I’d only cried two times since getting sick with Covid — once after I’d had to quit my D&D game, and once when I called my sister because I was getting scared of how sad I was when I couldn’t get out of the bed — but that night, the tears started in the corner of my eyes, trickled down my face, and when I tasted them on my lips, the dam of my despair broke open and I cried like I had never cried in my life. Choking, sloppy, desperate, wailing, hyperventilating tears that seemed to be coming from a deep place inside me I’d never even accessed before. My entire body shook uncontrollably. And I finally said the things I never said before: I wish I hadn’t gotten sick. Why did I get sick? Why me? Why did I not get better? Why did this happen to me? Why did this happen to me?

Stacy’s hand was on my back, my cheek, my thigh, my arm, my hand. “I love you,” she said, over and over. “I love you.”


Our wedding plans went on hold when I found myself unable to get out of bed. Weeks and months upon end, no answers from doctors, every day a new terrifying manifestation of Long Covid in my body. My wedding suit and tie hung on our bedroom door, but it eventually became apparent that it was just taking up space and needed to go into the closet. When I finally started getting diagnoses and working out treatments for the various syndromes that were making up my prolonged Covid experience, I didn’t bring up our wedding. I told myself it was because I didn’t know, from day to day, what my body was going to do. There was no way to plan to have a Zoom on a certain day at a certain time because there was no way to know whether or not I’d even be mobile on that day.

And that was true — but the other truth was that I didn’t want Stacy to feel forced to marry me when there was a very real chance I would never be fully well again. I wanted her to have an out, even if the out was just me never bringing it up again. I wasn’t the same as when we met, when we decided to get married, when we bought those matching ties.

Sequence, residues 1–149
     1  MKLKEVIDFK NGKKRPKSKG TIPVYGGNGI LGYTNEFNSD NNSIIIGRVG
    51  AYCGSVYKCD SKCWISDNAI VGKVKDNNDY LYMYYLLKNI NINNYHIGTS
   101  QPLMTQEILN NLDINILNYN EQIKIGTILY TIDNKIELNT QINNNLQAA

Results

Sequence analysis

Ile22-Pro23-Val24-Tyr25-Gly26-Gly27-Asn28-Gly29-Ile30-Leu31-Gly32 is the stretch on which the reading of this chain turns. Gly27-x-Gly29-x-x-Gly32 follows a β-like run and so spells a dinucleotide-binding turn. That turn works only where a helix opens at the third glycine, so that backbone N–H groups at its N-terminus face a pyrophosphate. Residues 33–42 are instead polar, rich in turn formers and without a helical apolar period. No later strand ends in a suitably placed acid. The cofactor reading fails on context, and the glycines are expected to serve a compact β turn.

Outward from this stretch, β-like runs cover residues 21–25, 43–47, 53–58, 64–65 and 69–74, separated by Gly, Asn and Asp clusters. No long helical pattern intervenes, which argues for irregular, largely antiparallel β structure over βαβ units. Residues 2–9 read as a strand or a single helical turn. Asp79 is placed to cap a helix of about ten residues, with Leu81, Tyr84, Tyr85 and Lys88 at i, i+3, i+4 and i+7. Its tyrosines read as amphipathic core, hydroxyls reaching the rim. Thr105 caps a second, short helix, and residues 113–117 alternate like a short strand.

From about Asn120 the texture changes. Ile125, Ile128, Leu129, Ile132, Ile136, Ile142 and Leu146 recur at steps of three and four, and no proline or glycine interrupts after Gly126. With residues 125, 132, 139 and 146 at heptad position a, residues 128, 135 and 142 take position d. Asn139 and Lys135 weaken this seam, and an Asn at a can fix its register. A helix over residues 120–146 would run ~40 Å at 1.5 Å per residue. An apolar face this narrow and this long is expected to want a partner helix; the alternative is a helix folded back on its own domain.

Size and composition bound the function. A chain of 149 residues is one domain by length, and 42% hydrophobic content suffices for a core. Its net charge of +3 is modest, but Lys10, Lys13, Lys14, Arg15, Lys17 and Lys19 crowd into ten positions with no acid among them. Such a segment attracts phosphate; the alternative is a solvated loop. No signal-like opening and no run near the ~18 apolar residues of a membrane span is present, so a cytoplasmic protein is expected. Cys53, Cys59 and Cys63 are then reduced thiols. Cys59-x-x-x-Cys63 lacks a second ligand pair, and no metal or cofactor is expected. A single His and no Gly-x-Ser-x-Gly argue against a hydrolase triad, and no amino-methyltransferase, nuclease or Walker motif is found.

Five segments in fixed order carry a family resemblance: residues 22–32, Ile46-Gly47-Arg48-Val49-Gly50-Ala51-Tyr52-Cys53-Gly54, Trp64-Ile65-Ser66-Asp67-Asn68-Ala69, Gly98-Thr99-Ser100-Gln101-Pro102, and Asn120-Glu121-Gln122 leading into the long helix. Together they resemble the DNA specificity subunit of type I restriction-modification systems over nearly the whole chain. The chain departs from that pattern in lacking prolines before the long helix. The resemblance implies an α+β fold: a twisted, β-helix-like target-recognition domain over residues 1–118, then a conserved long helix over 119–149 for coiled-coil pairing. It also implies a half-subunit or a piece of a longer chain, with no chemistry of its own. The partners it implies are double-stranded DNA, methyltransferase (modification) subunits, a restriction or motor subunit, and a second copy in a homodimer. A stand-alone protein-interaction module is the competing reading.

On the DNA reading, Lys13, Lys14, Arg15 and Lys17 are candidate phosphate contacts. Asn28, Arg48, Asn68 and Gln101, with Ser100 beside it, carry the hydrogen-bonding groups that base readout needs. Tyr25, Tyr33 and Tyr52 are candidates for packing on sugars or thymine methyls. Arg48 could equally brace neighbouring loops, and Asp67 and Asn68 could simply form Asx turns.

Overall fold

I put my wedding ring on the day FedEx delivered it, and maybe that was enough.

One night, after a very hard day of pain and brain fog and being unable to breathe, Stacy said, into the dark of our bedroom, “I have always wanted to marry you. That hasn’t changed, you know. It will never change.”


We got married sitting down because I can only stand for a few minutes at a time. A Zoom ceremony with our family and officiant on one end, and us in our living room. I had intended to wear the regular tie, and Stacy had intended to wear the bow tie, but I got so tuckered out tying the bow tie on me so I could tie it on her that I had to keep it on and she ended up in the regular tie.

Stacy started crying the second she started saying her vows, and so I started crying too. “I promise I will always love and support you and celebrate you and be here for you, for whatever you may need in our lives,” she said. “I hope to prove to you again and again that I will do anything for you. Any thing, any time, for any reason — or no reason at all.”

I said, “I promise to respect and celebrate all the things that make you you, apart from me and you: Your creative passions and artistic ambitions, every quirk that has become so dear to me, your career drive and your ethos of endless generosity, your commitment to what’s good and just, your ferocity of spirit, your tender heart.”

Our officiant walked us through more traditional vows when we were exchanging rings. For better, for worse, for richer, for poorer. Stacy squeezed my hand and looked from my ring finger into my eyes. In sickness and in health.

I kissed her ring finger and repeated it back. In sickness and in health.

While our family watched, our officiant pronounced us married. I wore a suit and Stacy wore a suit. We were girlfriends for ten years, brides for ten minutes, and then we were wives. One string of Christmas lights draped over the bookshelf and my childhood teddy bear as decoration; our cats watching on; the only wedding either of us had ever imagined.



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Heather Hogan is an Autostraddle senior editor who lives in New York City with her wife, Stacy, and their cackle of rescued pets. She's a member of the Television Critics Association, the Gay and Lesbian Entertainment Critics Association, and a Rotten Tomatoes Tomatometer critic. You can also find her on Twitter, and Instagram.